After more than a year on the presidential campaign trail, Jeb Bush has experimented with a variety of postures. We've seen the wonky Jeb, the don't-judge-me-by-my-last-name Jeb, the please-judge-me-by-my-last-name Jeb, the angry Jeb, the serious Jeb, and even the thoughtful Jeb.
Yesterday, however, was the first time I can remember seeing the maybe-I-just-don't-care-anymore Jeb. I've watched this video several times, because it's hard to know what to make of it.
CBS News' Major Garrett asked the Florida Republican, "Can Jeb Bush be a surprise story here on caucus night?" The candidate, bemused, responded, "Yes, since the expectations are so low."
Garrett, apparently unconcerned about twisting the knife, replied, "Well, you have succeeded there, governor."
Bush, without missing a beat, raised his arms in triumph. Laughing a bit, he replied, "Mission accomplished."
No, really. That's what he said. Jeb seemed wholly unaware of the fact that someone with his last name might not want to associate the words "mission accomplished" with a looming disaster.
I've seen some suggestions that this might have been the single lowest point of Jeb Bush's candidacy to date. We saw, on camera, a struggling candidate resigned to failure, practically mocking his own ineptitude, campaigning in a state in which his polling average puts him slightly below 4%.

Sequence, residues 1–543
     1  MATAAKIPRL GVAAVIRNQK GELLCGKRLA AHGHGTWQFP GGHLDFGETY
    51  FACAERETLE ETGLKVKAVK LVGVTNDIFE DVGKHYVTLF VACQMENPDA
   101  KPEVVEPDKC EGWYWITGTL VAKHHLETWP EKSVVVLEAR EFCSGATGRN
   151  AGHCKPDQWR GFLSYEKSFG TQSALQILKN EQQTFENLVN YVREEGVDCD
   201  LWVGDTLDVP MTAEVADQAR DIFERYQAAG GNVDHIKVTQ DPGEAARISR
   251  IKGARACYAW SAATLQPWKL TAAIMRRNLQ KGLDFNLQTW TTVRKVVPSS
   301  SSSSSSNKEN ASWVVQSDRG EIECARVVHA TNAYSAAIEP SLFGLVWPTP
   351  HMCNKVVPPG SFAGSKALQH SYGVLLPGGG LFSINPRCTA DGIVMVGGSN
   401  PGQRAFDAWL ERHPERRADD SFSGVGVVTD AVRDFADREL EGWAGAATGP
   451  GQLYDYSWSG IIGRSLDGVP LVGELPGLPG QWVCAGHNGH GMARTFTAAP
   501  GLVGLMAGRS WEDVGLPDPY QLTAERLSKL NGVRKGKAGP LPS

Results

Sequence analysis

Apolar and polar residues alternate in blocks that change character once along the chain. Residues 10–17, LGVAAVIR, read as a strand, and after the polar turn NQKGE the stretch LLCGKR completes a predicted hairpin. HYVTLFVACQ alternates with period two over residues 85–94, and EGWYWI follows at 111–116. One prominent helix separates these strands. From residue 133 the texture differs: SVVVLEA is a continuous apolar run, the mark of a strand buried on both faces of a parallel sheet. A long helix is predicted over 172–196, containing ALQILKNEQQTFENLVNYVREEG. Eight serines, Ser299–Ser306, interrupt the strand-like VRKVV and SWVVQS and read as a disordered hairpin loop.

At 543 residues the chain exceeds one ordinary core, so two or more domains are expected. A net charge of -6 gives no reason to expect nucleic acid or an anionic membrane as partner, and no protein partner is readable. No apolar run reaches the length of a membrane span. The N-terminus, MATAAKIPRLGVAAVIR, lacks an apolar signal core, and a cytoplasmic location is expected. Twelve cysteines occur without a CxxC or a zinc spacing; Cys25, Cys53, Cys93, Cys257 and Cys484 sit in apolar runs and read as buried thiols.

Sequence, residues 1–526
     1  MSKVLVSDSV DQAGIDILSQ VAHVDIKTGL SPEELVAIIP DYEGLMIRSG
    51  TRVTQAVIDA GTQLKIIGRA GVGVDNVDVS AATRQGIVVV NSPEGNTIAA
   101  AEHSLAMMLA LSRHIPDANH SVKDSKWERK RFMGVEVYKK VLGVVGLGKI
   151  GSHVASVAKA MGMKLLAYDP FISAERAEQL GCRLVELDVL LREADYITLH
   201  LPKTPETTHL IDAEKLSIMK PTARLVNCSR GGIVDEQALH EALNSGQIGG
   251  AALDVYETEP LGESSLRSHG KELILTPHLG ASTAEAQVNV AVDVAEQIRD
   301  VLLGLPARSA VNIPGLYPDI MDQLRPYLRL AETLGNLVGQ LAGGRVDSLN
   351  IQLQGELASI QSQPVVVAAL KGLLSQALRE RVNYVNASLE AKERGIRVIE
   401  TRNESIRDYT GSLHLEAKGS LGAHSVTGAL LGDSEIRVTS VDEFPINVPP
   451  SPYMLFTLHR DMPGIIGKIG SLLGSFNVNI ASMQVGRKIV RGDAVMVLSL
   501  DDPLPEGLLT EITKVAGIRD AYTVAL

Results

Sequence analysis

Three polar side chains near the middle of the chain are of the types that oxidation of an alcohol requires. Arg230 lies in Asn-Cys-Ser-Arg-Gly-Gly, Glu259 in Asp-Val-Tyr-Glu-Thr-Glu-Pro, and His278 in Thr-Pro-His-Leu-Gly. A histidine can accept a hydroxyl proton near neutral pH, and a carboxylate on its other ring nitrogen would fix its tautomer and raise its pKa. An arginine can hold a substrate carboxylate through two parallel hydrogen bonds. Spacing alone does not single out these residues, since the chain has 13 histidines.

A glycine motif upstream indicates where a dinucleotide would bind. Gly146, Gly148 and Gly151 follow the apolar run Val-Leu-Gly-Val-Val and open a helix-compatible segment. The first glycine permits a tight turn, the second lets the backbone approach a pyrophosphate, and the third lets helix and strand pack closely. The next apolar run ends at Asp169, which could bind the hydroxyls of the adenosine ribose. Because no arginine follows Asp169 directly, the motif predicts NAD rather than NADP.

But maybe there's a more positive way to look at this.
Perhaps this was evidence of something new: liberated Jeb. Maybe not caring anymore, and laughing in the face of likely defeat, is exactly what Bush needs to deal his unique and unfortunate circumstances.
Note, hours after this brief interview with Garrett, Bush turned in his best debate performance to date last night. Indeed, Vox's Dylan Matthews wrote in his debate recap, "Between Bush's unusually good performance, Rubio's unusually bad one, and the establishment-friendly moderators' seeming grudge against Rubio, the debate might be seen as the point in which Marco Rubio relinquished the mantle of 'most viable establishment candidate' and Bush reclaimed it."
I wouldn't go quite that far -- it's probably too late for such a dramatic overhaul of insiders' expectations -- but the broader point has real merit. Maybe who-gives-a-darn Jeb should have hit the campaign trail sooner?